By Allan R. Handysides and Peter N. Landless
My doctor diagnosed me with interstitial cystitis, but I am having considerable difficulties. Do you have any advice?
Interstitial cystitis (IC) is a chronic inflammation of the bladder that is poorly understood. Study of its epidemiology, or patterns, has given some insight, but the essential question about cause has not been identified. For example, people who have a family history of IC are at greater risk for developing the disorder, and even people who were bed wetters past the age of 5 years have a greater possibility of having it. IC occurs much more commonly in women. It is characterized by bladder problems of urinary urgency, frequency, and pain in the lower abdomen. Many people are diagnosed initially as having a recurrent urinary tract infection, but such a diagnosis requires a urine culture, not just a positive dipstick. So if cultures are not done, the true diagnosis can be missed.
Newer understanding of the condition is leading doctors to believe it is a more common problem than was earlier thought to be the case. As many as 200 of a 1,000-patient group may have a degree of the disorder. It is often associated with other symptoms such as irritable bowel syndrome, or a condition in women called vulvodynia (or pain). It is believed that the longer a person has pain, urgency, frequency, and bladder dysfunction, the harder it is to get cured.
A mechanism exists by which chronic pain sensitizes the nerves in the spinal cord to increase in number and activity, and there may be a spillover of sensitivity into other organs in the area, causing irritability and pain. About 80 percent of patients with interstitial cystitis develop an irritability of the pelvic muscles, called the pelvic sling, or levator ani muscles. These may become spastic, resulting in chronic pelvic tenderness, and can interfere with sexual function. The muscles may be palpably tense and felt by a doctor as tight bands. The longer a patient goes untreated, the more difficult it is to get a good response.
Many persons benefit from dietary and fluid changes. Spicy, acidic, and heavy citrus intakes may irritate the bladder. Caffeine and coffee irritate the bladder of many with this syndrome. Some people reduce their fluid intake in a desire to cut down on the number of times they void, but this may result in an increased concentration of irritating substances in the urine.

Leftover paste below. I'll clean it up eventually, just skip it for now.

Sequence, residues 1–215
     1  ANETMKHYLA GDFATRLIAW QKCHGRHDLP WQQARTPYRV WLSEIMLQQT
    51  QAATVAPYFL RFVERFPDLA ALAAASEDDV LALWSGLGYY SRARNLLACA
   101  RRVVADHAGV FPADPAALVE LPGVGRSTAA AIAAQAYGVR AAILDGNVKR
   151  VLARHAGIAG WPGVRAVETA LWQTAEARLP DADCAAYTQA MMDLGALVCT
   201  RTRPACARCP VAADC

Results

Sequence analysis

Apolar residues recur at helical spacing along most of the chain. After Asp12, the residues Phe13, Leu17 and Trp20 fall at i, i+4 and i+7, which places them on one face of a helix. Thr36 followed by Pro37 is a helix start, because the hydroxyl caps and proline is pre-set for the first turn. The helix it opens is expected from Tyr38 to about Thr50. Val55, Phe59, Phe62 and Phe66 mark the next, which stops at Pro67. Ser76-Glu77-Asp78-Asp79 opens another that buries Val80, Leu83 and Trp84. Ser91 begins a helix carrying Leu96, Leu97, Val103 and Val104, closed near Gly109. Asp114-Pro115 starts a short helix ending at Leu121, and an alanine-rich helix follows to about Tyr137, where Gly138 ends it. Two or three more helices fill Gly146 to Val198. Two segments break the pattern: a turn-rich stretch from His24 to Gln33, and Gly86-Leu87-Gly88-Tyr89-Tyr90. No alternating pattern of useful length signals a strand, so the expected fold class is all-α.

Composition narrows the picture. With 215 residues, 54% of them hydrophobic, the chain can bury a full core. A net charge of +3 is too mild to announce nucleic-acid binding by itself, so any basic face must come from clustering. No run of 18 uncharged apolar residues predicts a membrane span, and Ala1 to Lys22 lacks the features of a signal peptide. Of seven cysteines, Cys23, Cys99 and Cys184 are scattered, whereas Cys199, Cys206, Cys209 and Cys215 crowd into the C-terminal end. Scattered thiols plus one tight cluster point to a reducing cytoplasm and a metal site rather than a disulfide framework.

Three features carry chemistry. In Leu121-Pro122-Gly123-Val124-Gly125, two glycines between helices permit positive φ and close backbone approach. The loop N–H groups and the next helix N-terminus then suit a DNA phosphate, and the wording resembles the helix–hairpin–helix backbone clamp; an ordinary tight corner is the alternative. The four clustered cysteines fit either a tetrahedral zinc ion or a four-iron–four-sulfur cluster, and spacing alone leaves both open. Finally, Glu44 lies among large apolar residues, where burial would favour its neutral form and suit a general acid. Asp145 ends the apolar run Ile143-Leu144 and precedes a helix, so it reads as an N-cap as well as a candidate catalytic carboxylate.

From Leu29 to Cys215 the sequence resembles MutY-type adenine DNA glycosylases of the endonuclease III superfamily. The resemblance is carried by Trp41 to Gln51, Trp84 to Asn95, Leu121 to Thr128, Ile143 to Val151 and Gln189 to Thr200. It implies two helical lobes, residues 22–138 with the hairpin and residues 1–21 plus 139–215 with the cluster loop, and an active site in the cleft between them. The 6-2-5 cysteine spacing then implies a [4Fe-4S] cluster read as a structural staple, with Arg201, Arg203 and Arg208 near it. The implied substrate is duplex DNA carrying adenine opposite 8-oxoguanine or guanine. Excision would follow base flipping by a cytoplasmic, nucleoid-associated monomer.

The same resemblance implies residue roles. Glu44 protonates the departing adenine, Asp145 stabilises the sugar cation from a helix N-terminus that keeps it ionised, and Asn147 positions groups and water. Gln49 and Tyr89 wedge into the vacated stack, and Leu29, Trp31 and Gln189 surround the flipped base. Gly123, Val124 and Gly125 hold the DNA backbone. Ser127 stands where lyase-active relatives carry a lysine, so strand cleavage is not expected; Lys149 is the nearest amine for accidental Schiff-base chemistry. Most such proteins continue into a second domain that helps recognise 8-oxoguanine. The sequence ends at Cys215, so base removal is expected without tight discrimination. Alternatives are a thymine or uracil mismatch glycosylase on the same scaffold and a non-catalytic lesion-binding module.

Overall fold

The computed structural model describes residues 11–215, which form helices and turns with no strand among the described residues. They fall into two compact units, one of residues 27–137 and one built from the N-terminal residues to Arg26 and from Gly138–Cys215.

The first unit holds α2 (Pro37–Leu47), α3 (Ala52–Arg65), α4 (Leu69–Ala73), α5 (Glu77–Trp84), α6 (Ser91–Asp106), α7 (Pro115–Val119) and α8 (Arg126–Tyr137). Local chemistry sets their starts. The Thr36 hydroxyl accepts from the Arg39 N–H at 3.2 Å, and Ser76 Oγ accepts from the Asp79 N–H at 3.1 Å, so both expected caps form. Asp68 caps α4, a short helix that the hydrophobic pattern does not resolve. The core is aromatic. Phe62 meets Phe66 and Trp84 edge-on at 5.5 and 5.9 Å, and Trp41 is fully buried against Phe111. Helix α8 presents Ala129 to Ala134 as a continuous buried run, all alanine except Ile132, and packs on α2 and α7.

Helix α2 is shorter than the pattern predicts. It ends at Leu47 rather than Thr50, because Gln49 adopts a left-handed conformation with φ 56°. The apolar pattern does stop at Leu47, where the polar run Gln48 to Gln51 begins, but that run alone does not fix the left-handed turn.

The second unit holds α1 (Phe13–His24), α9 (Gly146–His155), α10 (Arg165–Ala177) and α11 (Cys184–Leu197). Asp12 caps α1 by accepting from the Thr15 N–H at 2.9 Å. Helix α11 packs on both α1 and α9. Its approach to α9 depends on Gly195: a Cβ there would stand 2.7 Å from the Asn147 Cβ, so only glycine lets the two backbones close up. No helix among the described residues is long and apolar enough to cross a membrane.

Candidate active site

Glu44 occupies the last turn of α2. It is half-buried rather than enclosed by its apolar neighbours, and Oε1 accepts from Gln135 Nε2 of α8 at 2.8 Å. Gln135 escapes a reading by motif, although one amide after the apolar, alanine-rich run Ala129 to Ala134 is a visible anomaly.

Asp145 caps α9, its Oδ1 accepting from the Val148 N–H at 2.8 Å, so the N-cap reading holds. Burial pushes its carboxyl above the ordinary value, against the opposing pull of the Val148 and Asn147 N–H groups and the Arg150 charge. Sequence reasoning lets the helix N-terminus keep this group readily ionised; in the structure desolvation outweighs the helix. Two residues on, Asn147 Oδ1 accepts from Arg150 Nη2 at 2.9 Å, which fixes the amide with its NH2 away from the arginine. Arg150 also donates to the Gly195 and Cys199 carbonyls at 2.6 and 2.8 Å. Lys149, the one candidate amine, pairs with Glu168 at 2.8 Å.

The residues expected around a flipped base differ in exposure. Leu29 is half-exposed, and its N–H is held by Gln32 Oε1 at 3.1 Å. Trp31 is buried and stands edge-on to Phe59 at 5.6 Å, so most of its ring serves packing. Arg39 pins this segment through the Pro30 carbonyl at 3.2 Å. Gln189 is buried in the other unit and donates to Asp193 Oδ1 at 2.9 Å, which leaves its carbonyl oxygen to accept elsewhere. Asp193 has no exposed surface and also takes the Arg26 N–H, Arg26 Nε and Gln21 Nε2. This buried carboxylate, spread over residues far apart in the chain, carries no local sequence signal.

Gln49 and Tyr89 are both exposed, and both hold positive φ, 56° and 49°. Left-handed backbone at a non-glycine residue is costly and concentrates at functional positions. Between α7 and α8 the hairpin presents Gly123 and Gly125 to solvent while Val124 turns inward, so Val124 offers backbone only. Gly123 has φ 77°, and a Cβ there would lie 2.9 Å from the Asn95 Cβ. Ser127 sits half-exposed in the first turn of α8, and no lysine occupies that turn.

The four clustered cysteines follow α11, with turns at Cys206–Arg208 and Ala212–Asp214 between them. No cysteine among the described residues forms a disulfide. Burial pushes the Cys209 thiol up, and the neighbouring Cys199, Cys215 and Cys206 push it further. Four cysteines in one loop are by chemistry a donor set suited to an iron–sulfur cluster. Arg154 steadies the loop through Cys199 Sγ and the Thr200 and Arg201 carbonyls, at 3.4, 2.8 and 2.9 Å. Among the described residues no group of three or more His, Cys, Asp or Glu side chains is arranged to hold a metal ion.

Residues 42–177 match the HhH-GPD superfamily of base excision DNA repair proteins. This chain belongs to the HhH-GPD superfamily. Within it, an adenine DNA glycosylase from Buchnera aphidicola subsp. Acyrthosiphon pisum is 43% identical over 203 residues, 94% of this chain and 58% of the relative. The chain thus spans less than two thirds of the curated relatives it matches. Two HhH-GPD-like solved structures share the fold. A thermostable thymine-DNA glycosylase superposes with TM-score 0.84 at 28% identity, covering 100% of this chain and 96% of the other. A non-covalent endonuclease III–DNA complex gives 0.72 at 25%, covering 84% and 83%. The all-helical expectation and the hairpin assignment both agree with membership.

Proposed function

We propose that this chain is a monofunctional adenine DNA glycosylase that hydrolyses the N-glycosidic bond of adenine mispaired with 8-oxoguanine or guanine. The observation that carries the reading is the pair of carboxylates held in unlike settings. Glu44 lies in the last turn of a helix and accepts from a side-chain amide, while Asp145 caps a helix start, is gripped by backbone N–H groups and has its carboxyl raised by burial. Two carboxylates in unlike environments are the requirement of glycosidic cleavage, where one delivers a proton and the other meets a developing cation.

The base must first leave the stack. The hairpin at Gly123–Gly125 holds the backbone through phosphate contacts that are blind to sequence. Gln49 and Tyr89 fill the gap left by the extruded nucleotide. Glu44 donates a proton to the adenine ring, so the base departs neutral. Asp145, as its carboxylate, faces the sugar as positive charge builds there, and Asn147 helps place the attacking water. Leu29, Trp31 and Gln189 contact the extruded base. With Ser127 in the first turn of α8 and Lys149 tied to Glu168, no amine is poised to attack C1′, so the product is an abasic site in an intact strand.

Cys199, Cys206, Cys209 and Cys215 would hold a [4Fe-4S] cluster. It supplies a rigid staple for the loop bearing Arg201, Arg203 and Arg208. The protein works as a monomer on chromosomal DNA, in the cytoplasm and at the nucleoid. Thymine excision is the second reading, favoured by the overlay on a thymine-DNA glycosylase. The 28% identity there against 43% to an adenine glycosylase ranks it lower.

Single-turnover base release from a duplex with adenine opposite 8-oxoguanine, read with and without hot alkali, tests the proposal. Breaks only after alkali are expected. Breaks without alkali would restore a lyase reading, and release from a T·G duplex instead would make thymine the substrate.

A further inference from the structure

A urinary diary will permit documentation of how many times a person actually voids in 24 hours (which is normally about eight times on average).
Management of IC is not always easy because it takes patience and discipline. The first step is to modify the diet and regulate water intake. A diet that is more alkaline, such as a vegetarian diet, may well be helpful.
It is also important to have your doctor be certain of the diagnosis. He or she may wish to perform some tests, which may involve a questionnaire, the instillation of potassium chloride into the bladder, or even an anesthetic solution. Cystoscopy used to be the gold standard test; but while it can confirm classic cases, it may miss the early ones—which respond best to treatment.
Treatment aims at preventing the up-regulation of the pain pathways, and so avoids a widening of the discomfort zone. This often uses a medication called amitriptyline in low doses. Another medication helps make the bladder wall less permeable to irritants, but this medication, Elmiron (pentosan polysulfate), may take weeks to work. Muscle-relaxing medications may be used to relax the pelvic sling muscles, and in this area massage or even electrical stimulation at high frequency has often reduced the pelvic pain and discomfort dramatically. A team approach of gynecologists, urologists, physical therapists, dieticians, and nurse practitioners is often required to give the best results.
Allan R. Handysides, M.B., Ch.B., FRCPC, FRCSC, FACOG,
is director of the General Conference Health Ministries Department.
Peter N. Landless, M.B., B.Ch., M.Med., F.C.P.(SA), F.A.C.C.,
is ICPA executive director and associate director of Health Ministries.